Environmental research continues to be the poor cousin in the Government’s National Science Investment Strategy (NSIS) receiving the least of the five major science sectors in 2014 with no commitment to increase future funding for the sector; in contrast with all the other major research sectors. The NSIS promises increased spending on research in manufacturing, […]
In my short 33 years on this planet we’ve seen phenomenal technological, economic and social change, and it’s realistic to expect the next 33 will see even more, even faster change.
If Steven Joyce is such a believer in innovation, why is he planning to cut his investment in innovation so dramatically? Here, in three charts, is what National’s long-term commitment to innovation looks like: 1. National will cut their investment in science and innovation by 21 percent, in real terms, out to 2023/24. 2. The […]
A recent article by Jacqueline Rowarth, Professor of Agribusiness at Waikato University, gives a very good summary of this government’s muddled thinking (my words, not hers!) about the value of science and scientists. On one hand we have Minister Joyce trumpeting the importance of science, and attempting to wield some very blunt instruments to ‘encourage’ […]
While universities are primarily charged with promoting learning they also have a vital role as the critic and conscience of society. Scientists ask questions, investigate, research, analyse the data and report on the results. Their work informs the public debate. How then are we to interpret repeated attacks on university scientists such as Massey University’s […]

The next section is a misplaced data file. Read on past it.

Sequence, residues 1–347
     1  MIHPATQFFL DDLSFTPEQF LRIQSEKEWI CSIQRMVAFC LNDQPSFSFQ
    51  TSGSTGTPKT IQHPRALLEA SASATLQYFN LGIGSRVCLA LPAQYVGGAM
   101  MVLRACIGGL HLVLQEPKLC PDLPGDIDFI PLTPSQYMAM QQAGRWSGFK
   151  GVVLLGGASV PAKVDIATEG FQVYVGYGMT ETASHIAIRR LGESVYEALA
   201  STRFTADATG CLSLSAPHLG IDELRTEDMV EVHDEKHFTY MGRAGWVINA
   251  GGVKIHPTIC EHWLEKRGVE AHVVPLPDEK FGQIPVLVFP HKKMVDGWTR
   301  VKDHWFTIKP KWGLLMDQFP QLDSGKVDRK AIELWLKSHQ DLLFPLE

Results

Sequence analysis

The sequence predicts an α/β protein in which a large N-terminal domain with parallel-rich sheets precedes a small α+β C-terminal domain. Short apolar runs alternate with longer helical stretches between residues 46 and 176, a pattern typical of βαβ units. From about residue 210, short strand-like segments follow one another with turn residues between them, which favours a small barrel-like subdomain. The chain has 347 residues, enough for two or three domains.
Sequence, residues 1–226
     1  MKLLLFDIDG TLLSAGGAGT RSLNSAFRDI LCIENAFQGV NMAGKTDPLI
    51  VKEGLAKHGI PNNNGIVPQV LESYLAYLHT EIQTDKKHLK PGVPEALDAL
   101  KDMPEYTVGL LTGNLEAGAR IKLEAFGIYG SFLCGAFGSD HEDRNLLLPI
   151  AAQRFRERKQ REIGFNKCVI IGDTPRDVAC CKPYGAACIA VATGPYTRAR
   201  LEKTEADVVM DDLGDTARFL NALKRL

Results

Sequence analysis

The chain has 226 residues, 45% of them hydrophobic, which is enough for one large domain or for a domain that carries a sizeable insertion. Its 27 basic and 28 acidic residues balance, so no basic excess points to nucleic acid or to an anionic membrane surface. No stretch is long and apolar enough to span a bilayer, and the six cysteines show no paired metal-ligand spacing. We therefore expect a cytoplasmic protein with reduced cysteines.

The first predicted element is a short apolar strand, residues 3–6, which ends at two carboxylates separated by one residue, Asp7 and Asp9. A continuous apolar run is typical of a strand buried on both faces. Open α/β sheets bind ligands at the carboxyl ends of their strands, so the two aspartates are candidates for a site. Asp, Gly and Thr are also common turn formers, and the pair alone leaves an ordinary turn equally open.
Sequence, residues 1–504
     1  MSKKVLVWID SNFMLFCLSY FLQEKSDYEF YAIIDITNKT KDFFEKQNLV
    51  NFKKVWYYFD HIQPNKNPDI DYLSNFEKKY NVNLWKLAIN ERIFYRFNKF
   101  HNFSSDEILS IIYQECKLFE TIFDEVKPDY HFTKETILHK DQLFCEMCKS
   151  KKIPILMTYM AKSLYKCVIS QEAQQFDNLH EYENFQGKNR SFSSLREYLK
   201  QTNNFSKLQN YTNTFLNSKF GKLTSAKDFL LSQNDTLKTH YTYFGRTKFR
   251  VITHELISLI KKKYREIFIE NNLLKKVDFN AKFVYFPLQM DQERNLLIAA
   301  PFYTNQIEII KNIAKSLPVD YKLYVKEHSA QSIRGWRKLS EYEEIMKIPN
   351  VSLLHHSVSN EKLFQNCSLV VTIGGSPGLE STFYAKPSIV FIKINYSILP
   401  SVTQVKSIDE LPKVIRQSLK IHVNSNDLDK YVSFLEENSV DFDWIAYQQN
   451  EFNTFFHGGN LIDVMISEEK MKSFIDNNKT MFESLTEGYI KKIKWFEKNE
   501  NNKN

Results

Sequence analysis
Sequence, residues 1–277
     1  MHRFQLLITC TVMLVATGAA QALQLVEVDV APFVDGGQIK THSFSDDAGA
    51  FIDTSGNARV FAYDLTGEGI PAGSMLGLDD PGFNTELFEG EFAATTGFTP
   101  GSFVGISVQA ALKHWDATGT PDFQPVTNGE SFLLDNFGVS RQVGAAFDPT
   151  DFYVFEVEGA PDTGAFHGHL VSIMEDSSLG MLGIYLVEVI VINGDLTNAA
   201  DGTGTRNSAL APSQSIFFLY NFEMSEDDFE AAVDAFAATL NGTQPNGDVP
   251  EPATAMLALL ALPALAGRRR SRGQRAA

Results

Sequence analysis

Professor Peter Gluckman, the Prime Minister’s science advisor, delivered a speech today about “Bringing science and policy together for good environmental outcomes”. While he touches on many issues some positive others not so much I wanted to focus on a particular issue he addresses. Part way through his speech he highlights that “[s]cience and technology […]
A recent editorial in Science points out the importance of using evidence based policy. The Editor-in-Chief, Bruce Alberts writes: “It is … disturbing that so many lawmakers elected to the new U.S. Congress reject the overwhelming scientific consensus with respect to human-induced climate change. The question now facing the United States is not only how […]
Oceanographer John Delaney talks about how we are already beginning to wire up the ocean and how important this is for the survival of our species. Have a look and get inspired.
The government’s pre-budget announcement about funding for science is a classic curate’s egg – good in parts, but potentially concealing something a bit malodorous.
The report of the CRI Taskforce released yesterday contains some refreshingly clear thinking about the best way to support science and research in New Zealand.